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Book Review: The King with Horse's Ears

Yep, I read a book entitled The King with Horse's Ears. Actually, it's The King with Horse's Ears and Other Irish Folktales. The collection is retold by Batt Burns, and illustrated by Igor Oleynikov. Which was strange, given that you have a Russian illustrating Irish tales, but, hey, it's not my job to pick illustrators!

Well, what do I think of this book? It's a good book. (twitter-enabled review-fits in character limit).

Actually, I did enjoy reading through this book. It's part of a series of Folktales of the World put out by Sterling Publishers.

I'll say from the start, I can't say if this collection is true to Irish Folktales as told by Irish grandparents from memory. I'm not Irish. But after reading Batt Burns' retellings of these stories, I kind of wish I was. The stories are short enough to make for good bedtime story, but not so long that interest falters. There are pronunciation keys for the dialect words within the story, although I doubt I read them quite right. The stories, like any good folktales, come back with good morals about strengthening your family or helping your friends, and, generally, are uplifting.

Just to let you know that I wasn't finding fault with Igor Oleynikov as illustrator, I found his pictures really brought the stories to life. Especially in the tale of the Pooka, his illustration helps show a creature that is reasonably scary, but also fits with what the tale tells of the mythical creature. All in all, excellent stories to pass on, and a reasonable start to learning parts of Irish culture.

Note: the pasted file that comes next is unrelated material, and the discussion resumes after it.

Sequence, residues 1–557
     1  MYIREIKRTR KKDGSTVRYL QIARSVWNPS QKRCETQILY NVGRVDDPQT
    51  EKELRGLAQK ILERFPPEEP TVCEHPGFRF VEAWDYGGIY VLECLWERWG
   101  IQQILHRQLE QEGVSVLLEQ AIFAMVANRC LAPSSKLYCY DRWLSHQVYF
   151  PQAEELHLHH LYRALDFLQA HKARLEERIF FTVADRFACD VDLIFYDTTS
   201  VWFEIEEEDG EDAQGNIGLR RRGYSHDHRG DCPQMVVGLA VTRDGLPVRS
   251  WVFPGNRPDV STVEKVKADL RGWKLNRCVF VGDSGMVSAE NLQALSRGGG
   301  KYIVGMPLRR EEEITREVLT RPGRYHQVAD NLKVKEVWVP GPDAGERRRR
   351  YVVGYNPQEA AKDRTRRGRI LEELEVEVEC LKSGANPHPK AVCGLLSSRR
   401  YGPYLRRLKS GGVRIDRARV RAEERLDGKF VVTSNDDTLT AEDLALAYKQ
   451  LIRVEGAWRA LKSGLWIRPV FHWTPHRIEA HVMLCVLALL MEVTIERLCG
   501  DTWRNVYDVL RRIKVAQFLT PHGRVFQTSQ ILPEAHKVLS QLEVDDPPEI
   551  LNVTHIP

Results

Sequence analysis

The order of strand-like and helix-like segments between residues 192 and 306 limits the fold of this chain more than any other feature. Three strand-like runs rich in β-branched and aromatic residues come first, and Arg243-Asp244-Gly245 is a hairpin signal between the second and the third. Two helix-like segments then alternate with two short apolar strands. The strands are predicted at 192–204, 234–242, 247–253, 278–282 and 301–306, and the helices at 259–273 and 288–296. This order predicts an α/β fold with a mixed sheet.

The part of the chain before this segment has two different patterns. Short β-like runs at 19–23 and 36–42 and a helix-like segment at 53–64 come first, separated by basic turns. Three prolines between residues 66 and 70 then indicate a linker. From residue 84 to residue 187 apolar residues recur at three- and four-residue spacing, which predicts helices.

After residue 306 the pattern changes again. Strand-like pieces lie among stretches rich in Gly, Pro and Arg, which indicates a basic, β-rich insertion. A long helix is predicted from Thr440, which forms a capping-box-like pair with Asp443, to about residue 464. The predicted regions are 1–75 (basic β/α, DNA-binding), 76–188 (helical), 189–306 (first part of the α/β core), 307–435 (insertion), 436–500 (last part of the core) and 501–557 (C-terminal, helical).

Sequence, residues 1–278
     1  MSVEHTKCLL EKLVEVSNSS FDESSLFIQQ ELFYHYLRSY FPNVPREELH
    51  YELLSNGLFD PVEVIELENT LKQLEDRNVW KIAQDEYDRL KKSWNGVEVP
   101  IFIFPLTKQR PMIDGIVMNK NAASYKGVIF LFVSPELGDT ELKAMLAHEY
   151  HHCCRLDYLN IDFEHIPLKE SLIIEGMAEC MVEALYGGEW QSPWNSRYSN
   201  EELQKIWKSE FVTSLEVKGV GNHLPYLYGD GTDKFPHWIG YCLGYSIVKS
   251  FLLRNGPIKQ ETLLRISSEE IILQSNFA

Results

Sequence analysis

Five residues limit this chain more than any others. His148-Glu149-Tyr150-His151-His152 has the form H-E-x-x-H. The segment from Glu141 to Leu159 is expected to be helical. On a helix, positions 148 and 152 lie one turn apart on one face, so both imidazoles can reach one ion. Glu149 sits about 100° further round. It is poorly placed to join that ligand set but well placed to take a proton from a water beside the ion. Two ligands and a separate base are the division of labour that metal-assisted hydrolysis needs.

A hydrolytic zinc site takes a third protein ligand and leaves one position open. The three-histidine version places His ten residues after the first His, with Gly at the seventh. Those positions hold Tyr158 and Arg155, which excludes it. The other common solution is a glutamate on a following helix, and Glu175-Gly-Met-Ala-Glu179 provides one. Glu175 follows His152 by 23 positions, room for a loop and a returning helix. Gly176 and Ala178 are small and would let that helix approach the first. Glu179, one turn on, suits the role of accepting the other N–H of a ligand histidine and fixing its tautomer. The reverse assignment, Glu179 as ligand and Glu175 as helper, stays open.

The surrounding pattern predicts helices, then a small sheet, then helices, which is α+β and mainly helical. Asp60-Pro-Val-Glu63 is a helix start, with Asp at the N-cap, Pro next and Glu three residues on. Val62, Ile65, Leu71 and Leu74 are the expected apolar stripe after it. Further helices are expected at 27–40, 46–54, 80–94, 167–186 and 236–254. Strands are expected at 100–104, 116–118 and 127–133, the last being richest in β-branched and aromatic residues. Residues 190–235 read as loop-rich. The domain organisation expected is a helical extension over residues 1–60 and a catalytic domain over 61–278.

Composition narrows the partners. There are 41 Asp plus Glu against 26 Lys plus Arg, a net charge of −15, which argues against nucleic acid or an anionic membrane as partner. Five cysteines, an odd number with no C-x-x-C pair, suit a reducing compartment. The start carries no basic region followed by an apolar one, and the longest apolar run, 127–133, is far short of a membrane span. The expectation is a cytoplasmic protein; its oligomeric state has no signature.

I look forward to reading more from the Folktales of the World Series.

Doug

Comments

  1. Have you heard about the new book coming out- it's called "Barakio" .
    It's about a king who, each time he decided to bail out a failing company with taxpayer money, His ears grew!
    He eventually lands on the cover of "MAD" magazine.
    (not talking about any current or former president, of course....)

    ReplyDelete
  2. That's just not right...

    It is interesting that there are multiple stories around the world about kings with animal traits. King Midas get's donkey ears, you have this tale of the King with Horse's Ears, and there are others.

    Then you see Nebuchanezzer in Daniel, and he is punished by God to eat like the wild beasts and basically live that life. Leads to wondering about the source of legends? Most people agree legends have truth behind them...

    ReplyDelete

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